Without good timing all you are is a swinger, not a hitter. There are lots of reasons that hitter’s struggle with timing but more importantly, there are solutions. Discover a simple one here.
While swinging a bat is largely a physical skill, timing is a visual one. We have to match our swing with an oncoming ball, and that takes a tremendous amount of visual processing, isolating and predicting. When your hitter’s struggle with their timing what’s usually gotten messed up is that their focus has shifted – or their visual skills have gotten off track.
In dealing with tons of players of all ages I’ve learned that players don’t lack focus. In fact, most players, no matter how young they are, have tremendous focus. But, they don’t usually focus on the right thing. Big difference! So, when we simply tell them to “come on Cindy, you’ve got to focus!” we aren’t telling them anything that’s specific enough to help them.
Here’s what I mean. Kids of all ages get distracted. The younger they are, the easier it happens, but everyone gets distracted. So let’s say your hitter is up and there’s a really good pitcher on the rubber. She’s really big and throws REALLY hard. Your hitter is swinging at almost everything and not getting close to hitting the ball. So naturally, we think she’s not focused, right? Clearly she’s not paying attention or else she’d be hitting the ball.
What I’ve learned is this kid is focusing a TON! She’s just not focusing on the right thing. Instead of focusing on picking up the ball so she can hit it, she’s focused on how HUGE the pitcher is, how fast she throws and how much it might hurt if she gets hit.
So as coaches, we have to teach our players how to focus, just like we teach them how to swing, or throw or pitch. I know, easier said than done, right? Well, I was recently faced with trying to help a player improve her focus so she could better pick up the ball from a faster pitcher and actually hit it. After a couple missed attempts, I came up with something that worked amazing, was simple to practice and most importantly – got her hitting shots off fast pitching. Here’s what I did.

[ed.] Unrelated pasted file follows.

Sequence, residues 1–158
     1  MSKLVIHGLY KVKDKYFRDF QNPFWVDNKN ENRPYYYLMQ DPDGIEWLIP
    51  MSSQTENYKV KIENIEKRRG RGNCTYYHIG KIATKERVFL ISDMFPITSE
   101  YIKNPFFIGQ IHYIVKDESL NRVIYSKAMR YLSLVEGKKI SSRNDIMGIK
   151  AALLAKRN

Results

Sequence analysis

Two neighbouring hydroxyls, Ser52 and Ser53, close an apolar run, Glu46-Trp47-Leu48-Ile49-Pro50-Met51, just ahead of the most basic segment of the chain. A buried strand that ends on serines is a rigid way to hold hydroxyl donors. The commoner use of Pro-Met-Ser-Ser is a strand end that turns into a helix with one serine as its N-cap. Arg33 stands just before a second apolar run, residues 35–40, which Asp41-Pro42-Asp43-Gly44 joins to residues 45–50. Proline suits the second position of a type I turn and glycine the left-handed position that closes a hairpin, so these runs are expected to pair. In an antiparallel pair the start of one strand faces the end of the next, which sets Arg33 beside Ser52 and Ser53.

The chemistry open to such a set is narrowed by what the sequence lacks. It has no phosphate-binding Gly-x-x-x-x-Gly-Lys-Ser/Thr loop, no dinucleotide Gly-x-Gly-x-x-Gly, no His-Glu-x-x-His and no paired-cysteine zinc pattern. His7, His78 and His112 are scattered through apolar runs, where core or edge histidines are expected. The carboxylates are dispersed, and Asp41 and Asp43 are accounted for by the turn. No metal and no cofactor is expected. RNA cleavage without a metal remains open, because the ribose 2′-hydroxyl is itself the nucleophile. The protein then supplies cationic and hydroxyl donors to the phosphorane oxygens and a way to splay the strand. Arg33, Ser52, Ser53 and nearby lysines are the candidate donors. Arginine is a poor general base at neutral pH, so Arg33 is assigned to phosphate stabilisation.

First, if you’ve ever thrown front toss to a hitter you know that most hitters watch you the whole time instead of actually shifting their eyes to follow the ball. Since the hitter is trying to hit the ball and not the pitcher, the hitter’s eyes must shift to the ball. But, what makes this difficult is that our eyes are attracted to movement, and the pitcher is doing all the moving.
So, Step #1 – Help your hitters practice shifting their eyes from the pitcher to the ball. I’m not so concerned when they do it as much as I am that they do it. So, to practice this first step have your hitter drop her bat, pick up her glove and actually stand behind homeplate. A pitcher or someone who can throw underhand stands at least 20 feet in front of the hitter and pitches a ball underhand. The hitter (now with her glove on) will simply catch the ball. But, here’s the catch – when she feels her eyes shift from the pitcher to the ball, she needs to say “BALL!” out loud.
At first, she’ll say “Ball!” after it’s left the pitcher’s hand, so make sure she understands she isn’t waiting for the ball to come toward her, she’s simply saying “Ball!” when she feels her eyes shift away from watching the pitcher’s movements and she finds the ball itself.
Step #2 – After she gets the idea of saying BALL!, the next step is to say “NOW!” whenever the ball gets to a place between her and the pitcher when she knows where it will end up. Anybody who has ever caught a ball has
identified this exact point in time when they recognize where the ball will end up so they can move their glove there and catch it. It’s just that they’re never really thought about it before.
So now, have them practice saying “NOW!” when that pitched ball reaches a place when they know where it will end up.
Step #3 – Combine both the “BALL!” and “NOW!” commands on each pitch – still with your hitter simply catching pitched balls.
Step #4 – Once your hitter is good at this, then put the glove down, pick up the bat and have your hitter simply stand in the batters box and say those same 2 things; “BALL!” and “NOW!” – WITHOUT SWINGING THE BAT
Step #5 – When your hitter feels ready, have her think “BALL!” and “NOW!” but swing and hit the ball. You will be amazed at how well they do and how hard they hit the ball. Simply because you helped them learn what they should be focused on and when.
For more hitting drills, check out the following: